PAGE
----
Still, the violinist would have preferred that the academy hadn’t killed the category. “I’m not pleased, but I’m not going to get all upset about it,” he says. “You don’t want to get too caught up in it. You just want to play your music.”

Jesse Hamlin has written for The San Francisco Chronicle and other publications over the past 30 years on a wide range of music and art, covering jazz musicians and symphonic conductors, sculptors, poets, and architects. He has also written for The New York Times, Art & Auction and Columbia magazines, as well as liner notes for CDs by Stan Getz and Cal Tjader.

Comments

Nominations and awards mean increased income to musicians, perhaps especially to those at the margins of popular music. Comparing Bieber to Spalding makes no sense. What follows is directly from the Wikipedia article on the Grammy Award. See for yourself how it works. I've edited it down objectively, I think.

"Record companies and individuals may submit recordings to be nominated. ... Once a work is entered, reviewing sessions are held, by more than 150 experts from the recording industry, to determine whether the work is eligible and entered in the correct category for official nomination.

The resulting list is circulated to all NARAS members, each of whom may vote to nominate in the general field (Record of the Year, Album of the Year, Song of the Year, and Best New Artist) and in no more than nine out of 30 other fields on their ballots. The five recordings that earn the most votes in each category become the nominees. There may be more than five nominees if there is a tie in the nomination process.

Whereas members of the Academy of Motion Picture Arts and Sciences are generally invited to screenings or are sent DVDs of movies nominated for Oscars, NARAS members do not receive nominated recordings.

... final voting ballots are sent to Recording Academy members, who may then vote in the general fields and in no more than eight of the 30 fields. NARAS members are encouraged, but not required, to vote only in their fields of expertise. .... The recording with the most votes in a category wins and it is possible to have a tie. Winners are presented with the Grammy Award and those who do not win are given a medal for their nomination.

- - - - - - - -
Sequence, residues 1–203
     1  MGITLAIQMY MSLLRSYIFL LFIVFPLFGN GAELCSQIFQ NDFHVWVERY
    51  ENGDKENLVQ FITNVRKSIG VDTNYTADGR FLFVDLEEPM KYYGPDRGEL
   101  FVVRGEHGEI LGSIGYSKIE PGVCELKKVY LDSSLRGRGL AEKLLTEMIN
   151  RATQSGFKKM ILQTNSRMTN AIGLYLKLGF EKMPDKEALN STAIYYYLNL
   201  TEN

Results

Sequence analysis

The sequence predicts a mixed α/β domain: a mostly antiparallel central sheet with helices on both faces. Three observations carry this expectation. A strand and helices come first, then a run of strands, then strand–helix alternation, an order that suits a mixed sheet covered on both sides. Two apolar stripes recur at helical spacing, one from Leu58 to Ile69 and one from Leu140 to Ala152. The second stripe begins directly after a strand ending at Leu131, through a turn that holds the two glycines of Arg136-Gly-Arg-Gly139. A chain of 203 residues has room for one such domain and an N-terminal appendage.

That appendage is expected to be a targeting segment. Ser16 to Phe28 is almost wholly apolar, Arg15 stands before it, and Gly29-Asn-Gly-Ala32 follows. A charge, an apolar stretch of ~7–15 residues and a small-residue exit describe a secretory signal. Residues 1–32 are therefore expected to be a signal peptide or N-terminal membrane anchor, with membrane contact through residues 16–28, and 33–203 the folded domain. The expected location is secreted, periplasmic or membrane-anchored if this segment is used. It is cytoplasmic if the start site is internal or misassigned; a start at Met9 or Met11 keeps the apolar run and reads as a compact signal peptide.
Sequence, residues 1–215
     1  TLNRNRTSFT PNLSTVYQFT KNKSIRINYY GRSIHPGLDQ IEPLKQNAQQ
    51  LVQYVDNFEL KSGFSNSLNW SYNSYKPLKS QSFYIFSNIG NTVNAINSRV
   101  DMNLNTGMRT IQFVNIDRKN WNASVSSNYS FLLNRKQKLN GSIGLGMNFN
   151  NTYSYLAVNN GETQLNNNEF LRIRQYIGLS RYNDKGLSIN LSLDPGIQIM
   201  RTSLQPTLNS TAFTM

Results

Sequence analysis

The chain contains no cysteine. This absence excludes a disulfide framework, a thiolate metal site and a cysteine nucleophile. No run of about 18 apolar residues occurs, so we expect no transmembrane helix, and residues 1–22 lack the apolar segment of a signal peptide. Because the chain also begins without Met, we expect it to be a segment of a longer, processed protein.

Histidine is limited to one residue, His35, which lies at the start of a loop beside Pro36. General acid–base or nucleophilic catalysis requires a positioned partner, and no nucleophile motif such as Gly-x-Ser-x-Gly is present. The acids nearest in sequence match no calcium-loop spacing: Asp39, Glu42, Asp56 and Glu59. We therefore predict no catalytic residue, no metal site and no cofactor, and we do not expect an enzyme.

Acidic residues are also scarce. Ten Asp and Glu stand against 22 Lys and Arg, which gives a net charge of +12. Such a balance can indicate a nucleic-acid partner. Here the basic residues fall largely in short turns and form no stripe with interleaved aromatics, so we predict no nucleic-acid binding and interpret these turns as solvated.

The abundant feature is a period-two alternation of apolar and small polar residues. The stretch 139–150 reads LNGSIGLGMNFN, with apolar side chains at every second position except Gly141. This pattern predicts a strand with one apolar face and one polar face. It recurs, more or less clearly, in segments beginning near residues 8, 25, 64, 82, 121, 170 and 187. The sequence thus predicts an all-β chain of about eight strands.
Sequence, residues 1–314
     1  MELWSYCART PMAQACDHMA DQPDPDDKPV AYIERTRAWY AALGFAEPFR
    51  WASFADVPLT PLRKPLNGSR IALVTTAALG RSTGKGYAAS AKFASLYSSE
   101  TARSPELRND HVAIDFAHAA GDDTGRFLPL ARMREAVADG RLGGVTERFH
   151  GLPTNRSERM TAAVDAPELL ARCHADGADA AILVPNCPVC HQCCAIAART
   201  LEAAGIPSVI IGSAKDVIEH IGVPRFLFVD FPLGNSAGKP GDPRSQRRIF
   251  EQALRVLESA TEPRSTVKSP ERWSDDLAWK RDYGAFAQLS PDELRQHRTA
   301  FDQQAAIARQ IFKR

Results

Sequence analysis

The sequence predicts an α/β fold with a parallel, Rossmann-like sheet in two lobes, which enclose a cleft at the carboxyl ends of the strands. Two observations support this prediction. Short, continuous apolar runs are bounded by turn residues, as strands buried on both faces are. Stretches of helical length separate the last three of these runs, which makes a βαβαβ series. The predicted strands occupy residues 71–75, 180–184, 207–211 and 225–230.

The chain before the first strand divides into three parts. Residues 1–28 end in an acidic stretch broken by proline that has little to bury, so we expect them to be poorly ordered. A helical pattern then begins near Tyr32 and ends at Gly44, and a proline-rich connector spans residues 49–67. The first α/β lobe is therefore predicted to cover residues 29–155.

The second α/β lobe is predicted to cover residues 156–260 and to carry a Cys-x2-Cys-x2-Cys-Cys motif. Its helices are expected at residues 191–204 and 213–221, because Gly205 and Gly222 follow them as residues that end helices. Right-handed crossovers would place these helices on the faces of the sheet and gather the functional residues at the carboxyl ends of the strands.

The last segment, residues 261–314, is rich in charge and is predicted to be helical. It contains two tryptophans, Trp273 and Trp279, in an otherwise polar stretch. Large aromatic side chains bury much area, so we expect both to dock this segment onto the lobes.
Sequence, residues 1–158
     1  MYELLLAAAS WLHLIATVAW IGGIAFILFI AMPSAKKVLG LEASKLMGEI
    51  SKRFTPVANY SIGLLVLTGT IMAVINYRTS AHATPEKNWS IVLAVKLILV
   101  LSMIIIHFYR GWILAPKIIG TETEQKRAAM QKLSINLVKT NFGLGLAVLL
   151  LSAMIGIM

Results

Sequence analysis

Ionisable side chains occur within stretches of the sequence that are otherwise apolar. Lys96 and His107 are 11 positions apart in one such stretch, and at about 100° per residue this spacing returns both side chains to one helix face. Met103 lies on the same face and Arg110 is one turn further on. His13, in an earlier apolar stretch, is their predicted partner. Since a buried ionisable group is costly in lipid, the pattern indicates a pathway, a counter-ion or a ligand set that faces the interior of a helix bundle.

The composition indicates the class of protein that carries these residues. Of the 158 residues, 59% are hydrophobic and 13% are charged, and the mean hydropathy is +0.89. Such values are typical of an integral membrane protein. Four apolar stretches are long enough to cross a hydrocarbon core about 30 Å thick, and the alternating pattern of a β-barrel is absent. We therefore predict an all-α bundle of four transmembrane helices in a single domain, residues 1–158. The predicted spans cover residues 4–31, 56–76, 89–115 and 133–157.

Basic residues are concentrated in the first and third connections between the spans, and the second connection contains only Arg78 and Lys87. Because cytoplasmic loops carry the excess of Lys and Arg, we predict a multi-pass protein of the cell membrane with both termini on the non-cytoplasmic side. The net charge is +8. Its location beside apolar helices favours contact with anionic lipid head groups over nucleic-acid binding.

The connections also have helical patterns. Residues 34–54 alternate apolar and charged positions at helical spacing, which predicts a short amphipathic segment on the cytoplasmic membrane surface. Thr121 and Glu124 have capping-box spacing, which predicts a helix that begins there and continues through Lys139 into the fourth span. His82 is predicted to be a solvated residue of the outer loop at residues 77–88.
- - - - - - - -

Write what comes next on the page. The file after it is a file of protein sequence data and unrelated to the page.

In both voting rounds, Academy members are required to vote based upon quality alone, and not to be influenced by sales, chart performance, personal friendships, regional preferences or company loyalty. The acceptance of gifts is prohibited. Members are urged to vote in a manner that preserves the integrity of the academy."

I hope this helps in the geneal understanding of the situation.

We used to be able to buy for a good price CDs of all genres. Not everyone can keep paying the steep price for buying CDs on line, I mean downloading them. Please bring back the wonderful company that provided this service.
Also big business is not by it's very nature about music. Musicians are about the music. Get it straight!

by jesse Hamlin, as usual.
This whole nonsensical affair is NARAS' uncalled freakout to the backlash when Esperanza Spalding got her Grammy this year over the spectacularly untalented Justin Bieber. In the process, the group has caused enormous damage, and insulted musicians of enormous talent in addition to the multi-talented Ms. Spalding.
An example - and not an unusual one, sadly- of paddling in exactly the wrong direction. Industry "geniuses'' beefed, NARAS reacted, and off we go to the races...Freimuth might say that it's "across the board,'' but it only took place, coincidentally, after one of these great minds took out a full page ad in the New York Times to complain that he didn't like the results, with the Bieber-Esperanza thing fresh in his mind. And the racism of the blogposts on Spalding's site belie his comments. Rather than "protect the prestige'' of the Grammys (if any exists), their actions directly undermine it.
But I digress.